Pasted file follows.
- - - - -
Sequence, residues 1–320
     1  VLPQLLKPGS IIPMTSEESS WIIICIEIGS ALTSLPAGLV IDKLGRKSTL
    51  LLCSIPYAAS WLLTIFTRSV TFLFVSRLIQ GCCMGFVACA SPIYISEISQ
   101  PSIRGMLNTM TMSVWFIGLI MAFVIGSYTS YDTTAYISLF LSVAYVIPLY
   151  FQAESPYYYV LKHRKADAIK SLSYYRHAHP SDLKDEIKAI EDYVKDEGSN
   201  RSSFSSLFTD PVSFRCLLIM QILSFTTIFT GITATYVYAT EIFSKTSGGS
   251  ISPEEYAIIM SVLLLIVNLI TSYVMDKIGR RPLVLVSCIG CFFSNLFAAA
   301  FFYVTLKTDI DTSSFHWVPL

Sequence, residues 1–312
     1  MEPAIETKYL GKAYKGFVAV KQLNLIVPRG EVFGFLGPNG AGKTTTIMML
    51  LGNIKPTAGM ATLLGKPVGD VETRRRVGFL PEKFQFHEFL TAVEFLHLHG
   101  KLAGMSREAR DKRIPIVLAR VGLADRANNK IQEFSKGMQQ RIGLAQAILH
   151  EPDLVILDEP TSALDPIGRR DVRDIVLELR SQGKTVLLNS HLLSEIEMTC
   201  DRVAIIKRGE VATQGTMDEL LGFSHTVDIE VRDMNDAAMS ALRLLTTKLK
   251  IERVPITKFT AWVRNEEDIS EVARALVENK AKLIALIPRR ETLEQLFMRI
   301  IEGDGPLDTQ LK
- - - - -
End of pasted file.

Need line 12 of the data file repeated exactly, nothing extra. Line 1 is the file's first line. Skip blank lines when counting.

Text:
   101  KLAGMSREAR DKRIPIVLAR VGLADRANNK IQEFSKGMQQ RIGLAQAILH